Published on:

The recent media attention to the problems in the subprime mortgage market, both in Texas and nationally, may hide the fact that subprime mortgage loans serve a valuable purpose: they are loans to low-credit households that could not previously afford to own a home.

First, it is important to put this situation in perspective. Subprimes make up 13% of all Texas residential mortgages, and only 4.3% of those mortgages were in default by the end of 2006. Nationally, subprime loans make up only 14% of all mortgages, and the national foreclosure rate on subprime mortgages at the end of 2006 was approximately 14.3%. (Statistics courtesy of Texas A&M Real Estate Center). Market Pulse reports in its June 2007 issue that nationally the subprime foreclosure rate as of June 2007 is 10.11%.

Despite the issues with subprimes, real estate markets are generally healthy throughout the country. For example, U.S. office vacancy rates are declining and commercial real estate investment reached record levels in 2006, according to the National Association of Realtors. Commercial rents nationally for the first half of 2007 recorded their largest increase in six years, according to a recent report by Delinquencies among commercial borrowers continue to fall, according to Fitch Ratings U.S. CMBS loan delinquency index. According to Housing Intelligence, new home sales remain healthy, even though they may be down from the feverish pace of 2002 to 2006. Finally, the Mortgage Bankers Association reports that, while residential foreclosures are up, national residential delinquency and foreclosure rates are being driven by what is happening in four states: California, Florida, Nevada and Arizona. If the rates in these states were not considered, national residential delinquencies and foreclosures would be down.The issues in the subprime mortgage market are serious, of course. The National Real Estate Investor estimates that hedge fund investors could lose up to $125 million, that there could be almost 12,000 layoffs due to bankruptcies of subprime lenders, and indicates that by August, 2007, there was a backlog of $35.2 billion in unsold commercial mortgage-backed securities. These statistics, however, should not cause us to lose sight of the importance of subprime mortgage lending.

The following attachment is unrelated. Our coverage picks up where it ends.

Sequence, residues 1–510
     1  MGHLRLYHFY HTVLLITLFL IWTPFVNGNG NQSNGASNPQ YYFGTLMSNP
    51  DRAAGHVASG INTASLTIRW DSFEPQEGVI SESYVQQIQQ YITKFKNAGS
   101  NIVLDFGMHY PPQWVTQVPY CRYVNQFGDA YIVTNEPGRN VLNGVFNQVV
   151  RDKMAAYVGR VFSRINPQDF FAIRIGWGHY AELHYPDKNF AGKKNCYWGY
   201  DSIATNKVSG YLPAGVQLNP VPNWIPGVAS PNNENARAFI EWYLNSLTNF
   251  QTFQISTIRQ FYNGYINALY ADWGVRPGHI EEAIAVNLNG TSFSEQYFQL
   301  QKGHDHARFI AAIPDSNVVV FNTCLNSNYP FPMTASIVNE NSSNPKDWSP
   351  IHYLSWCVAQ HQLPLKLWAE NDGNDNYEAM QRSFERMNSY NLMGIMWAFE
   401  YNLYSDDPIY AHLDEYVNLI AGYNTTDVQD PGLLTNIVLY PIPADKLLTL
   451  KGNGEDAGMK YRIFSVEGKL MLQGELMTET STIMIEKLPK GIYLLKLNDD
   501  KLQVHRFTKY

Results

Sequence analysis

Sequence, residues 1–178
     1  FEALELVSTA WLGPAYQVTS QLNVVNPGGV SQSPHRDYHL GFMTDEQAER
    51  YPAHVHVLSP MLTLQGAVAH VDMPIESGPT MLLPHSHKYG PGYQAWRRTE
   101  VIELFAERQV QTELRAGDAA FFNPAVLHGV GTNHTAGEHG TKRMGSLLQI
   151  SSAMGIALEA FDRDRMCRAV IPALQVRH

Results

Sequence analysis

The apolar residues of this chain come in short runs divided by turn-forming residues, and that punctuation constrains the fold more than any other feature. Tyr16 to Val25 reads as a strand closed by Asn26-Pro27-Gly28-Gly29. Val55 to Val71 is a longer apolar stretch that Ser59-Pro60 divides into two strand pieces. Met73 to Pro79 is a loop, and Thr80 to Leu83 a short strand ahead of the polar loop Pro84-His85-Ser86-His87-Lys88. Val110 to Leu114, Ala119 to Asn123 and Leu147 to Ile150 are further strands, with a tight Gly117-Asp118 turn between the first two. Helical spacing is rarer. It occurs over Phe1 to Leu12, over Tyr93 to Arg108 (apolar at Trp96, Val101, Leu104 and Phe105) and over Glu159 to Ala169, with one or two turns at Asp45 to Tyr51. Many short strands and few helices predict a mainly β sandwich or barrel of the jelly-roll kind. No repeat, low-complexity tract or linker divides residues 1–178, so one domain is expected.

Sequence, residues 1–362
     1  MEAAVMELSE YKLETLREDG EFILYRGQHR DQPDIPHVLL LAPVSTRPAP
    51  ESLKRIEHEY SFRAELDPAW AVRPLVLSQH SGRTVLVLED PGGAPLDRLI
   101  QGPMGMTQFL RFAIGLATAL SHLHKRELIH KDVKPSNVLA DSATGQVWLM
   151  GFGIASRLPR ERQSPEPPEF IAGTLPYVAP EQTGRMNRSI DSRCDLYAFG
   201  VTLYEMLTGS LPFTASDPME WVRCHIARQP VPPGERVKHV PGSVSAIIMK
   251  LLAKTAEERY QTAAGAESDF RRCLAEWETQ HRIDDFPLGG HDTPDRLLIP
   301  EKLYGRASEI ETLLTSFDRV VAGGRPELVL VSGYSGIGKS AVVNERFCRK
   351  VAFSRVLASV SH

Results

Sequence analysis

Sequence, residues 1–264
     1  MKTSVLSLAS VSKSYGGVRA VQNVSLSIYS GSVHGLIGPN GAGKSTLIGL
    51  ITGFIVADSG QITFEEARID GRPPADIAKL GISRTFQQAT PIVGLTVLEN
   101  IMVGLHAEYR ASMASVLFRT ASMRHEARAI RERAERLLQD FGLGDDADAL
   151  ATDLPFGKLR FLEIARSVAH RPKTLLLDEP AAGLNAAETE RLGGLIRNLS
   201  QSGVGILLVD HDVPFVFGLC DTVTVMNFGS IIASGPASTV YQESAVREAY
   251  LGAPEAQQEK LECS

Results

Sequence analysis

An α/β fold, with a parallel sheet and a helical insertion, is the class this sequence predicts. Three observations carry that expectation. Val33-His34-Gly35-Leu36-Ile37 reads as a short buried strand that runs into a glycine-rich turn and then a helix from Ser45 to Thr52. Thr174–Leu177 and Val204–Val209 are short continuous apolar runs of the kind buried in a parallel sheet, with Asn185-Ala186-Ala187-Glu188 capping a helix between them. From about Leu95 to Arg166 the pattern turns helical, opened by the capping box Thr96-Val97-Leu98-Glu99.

Dr. James Gaines, a research economist with the Texas A&M Real Estate Center, tackles this issue head-on in a recent issue of Tierra Grande. He notes that “(t)here is no reason to overreact and kill something that has served, and could continue to serve, a useful purpose”. Dr. Gaines goes on to say that “(t)he private sector found a way to make loans to low credit, previously unfinanceable, households so that they could own homes. While this effort was spurred by profit, not altruism, the effect on home ownership throughout the country was nevertheless profound”.
Continue reading →

Published on:

Congress may soon get a chance to approve the creation of a new national park in the Waco, Texas, area. This development may prove a real boon to the local real estate market. A new park will generate the need for tourist related facilities, such as gas stations, motels and restaurants. Expect an increase in land prices in the area surrounding the proposed five acre national park. Local attorneys who practice real estate and construction law may find themselves in the midst of some interesting negotiations between the big city gas station and motel franchisors and the local landowners.

The possible new park centers on the discovery and excavation of the bones of 25 Columbian mammoths. The Columbian mammoth is a warm weather cousin to the woolly mammoth, with which some of us are more familiar.

Baylor University and the City of Waco are preparing to allow the public to have their first look at the “Waco Mammoth Site”, after several decades of clandestine work uncovering the remains. The National Park Service has indicated that the site meets its criteria for a national park, although the final decision will be made by Congress, and funding for a park may be hard to find.It is hard to overestimate the significance of this site. The Waco Mammoth Site, along the Bosque River, was first discovered in 1978, but has been kept quiet until now due to fears of theft or vandalism. The site is believed to be the largest known concentration of prehistoric mammoths perishing from a single event. It appears that the animals may have been caught in a flash flood and then a mudslide that killed them all at one time. The first fifteen mammoths uncovered were grouped in a circle, facing outward, protecting young mammoths in the center. Two adults were found with juvenile mammoths in their tusks, as if they were trying to raise the youngsters above the mud.